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Nutrition Benefits of Beans and Legumes

Apr. 25, 2014|960 views


Beans are staple foods in many places around the world. They’re relatively cheap, they store well, and they’re packed with nutrients. They’re often featured in comfort foods (have you ever tried pinto bean soup with cornbread on a cold, rainy day?) and they’re available either dried, or pre-cooked in cans. 

Some people turn their noses up at beans because of their reputation for promoting flatulence. But beans and legumes are nothing to sniff at. That’s because these high-fiber foods are not only nutritious, satisfying, and filling—they’re also good at preventing cardiovascular disease. That’s right. Recent research has confirmed what many nutrition scientists have long suspected: beans and legumes (peas, peanuts, etc.) help prevent the development of atherosclerosis. Atherosclerosis occurs when cholesterol latches onto the inner lining of blood vessels, causing the growth of fatty plaques. Over time, these plaques can grow in size, reducing blood flow, or forming clots. Clots may break away and travel to distant vessels, where they can cause sudden blockages. When this happens in the blood vessels of the brain, a stroke may ensue. If it happens in one of the crucial coronary vessels that feed the heart itself, a deadly heart attack may result. And that could mean game over.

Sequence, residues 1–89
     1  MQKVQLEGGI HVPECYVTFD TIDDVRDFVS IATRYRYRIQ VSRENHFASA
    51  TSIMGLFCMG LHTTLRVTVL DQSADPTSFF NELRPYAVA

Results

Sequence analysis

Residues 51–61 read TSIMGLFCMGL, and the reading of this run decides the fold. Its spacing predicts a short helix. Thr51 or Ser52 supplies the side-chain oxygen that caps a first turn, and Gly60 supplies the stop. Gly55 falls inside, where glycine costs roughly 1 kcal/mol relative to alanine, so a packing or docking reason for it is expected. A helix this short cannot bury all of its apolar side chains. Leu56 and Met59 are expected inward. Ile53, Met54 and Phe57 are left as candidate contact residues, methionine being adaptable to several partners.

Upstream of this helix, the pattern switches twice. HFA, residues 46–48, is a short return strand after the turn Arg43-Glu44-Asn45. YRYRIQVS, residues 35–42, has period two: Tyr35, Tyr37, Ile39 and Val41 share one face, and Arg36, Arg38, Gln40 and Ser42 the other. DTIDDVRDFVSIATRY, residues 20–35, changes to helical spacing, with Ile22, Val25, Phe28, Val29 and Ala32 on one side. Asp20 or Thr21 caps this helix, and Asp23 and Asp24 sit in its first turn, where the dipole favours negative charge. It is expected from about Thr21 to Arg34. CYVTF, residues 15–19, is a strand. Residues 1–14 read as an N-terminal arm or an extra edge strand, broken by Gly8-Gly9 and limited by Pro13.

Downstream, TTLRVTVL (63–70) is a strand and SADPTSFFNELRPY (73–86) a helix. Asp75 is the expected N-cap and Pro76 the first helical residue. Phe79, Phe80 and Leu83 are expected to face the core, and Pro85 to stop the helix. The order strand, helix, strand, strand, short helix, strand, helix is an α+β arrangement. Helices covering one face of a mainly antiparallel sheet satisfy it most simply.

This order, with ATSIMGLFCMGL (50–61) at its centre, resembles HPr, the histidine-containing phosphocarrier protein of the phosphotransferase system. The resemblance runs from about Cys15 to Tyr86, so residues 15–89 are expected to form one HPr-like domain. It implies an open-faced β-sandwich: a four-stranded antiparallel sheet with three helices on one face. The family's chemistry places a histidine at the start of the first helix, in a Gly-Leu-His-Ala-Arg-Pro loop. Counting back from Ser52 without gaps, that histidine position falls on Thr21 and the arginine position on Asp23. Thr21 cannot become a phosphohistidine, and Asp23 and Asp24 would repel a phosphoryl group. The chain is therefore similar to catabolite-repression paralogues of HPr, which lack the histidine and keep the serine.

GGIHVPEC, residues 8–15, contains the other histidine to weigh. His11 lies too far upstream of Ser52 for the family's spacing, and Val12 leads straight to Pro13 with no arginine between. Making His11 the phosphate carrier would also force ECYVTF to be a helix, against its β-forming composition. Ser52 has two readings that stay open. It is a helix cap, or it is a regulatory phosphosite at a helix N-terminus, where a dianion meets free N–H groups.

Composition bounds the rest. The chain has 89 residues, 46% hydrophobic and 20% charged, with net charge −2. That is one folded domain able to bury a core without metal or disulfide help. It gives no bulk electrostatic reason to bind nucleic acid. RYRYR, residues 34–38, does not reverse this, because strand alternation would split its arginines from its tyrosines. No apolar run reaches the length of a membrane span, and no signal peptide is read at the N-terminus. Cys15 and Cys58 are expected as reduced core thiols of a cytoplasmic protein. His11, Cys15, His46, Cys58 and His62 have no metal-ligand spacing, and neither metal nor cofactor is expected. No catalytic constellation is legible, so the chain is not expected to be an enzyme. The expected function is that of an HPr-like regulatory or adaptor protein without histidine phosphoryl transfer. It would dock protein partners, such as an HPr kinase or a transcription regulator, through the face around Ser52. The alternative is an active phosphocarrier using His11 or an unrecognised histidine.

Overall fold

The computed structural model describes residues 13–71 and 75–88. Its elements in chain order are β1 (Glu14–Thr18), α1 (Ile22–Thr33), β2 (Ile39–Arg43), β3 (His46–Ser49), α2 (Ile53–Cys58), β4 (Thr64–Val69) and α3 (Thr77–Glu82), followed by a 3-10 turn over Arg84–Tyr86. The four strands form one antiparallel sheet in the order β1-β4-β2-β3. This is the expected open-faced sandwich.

Beans and legumes halt this dangerous process by lowering the levels of certain enzymes. These enzymes are responsible for the production of a substance called platelet activating factor (PAF). PAF is a major mediator of inflammation, and a key player in the development of atherosclerosis. A recent study published in the European Journal of Clinical Nutrition concluded that people who eat the most beans and legumes enjoy the lowest levels of these enzymes, which in turn means they have lower levels of PAF. And that should translate into a significantly lower risk of atherosclerosis and cardiovascular disease.

So I encourage you to add beans and legumes to your diet. They’re high in protein and fiber. And by the way, here’s trick for reducing the “gas factor” of canned beans: buy organic beans and rinse them thoroughly before adding to your recipe. Much of the stuff that causes embarrassing gas can be rinsed away before you ever pour out the beans. You can also cook them yourself, slowly, from scratch. This helps leach out some of the indigestible sugars that are can cause gas production in the gut, as bacteria in the colon attempt to ferment these compounds. Finally, try gradually adding beans to your diet. Many people find that they cause fewer digestive issues when added incrementally to the diet.

Tags:  dietary fiber, chronic illness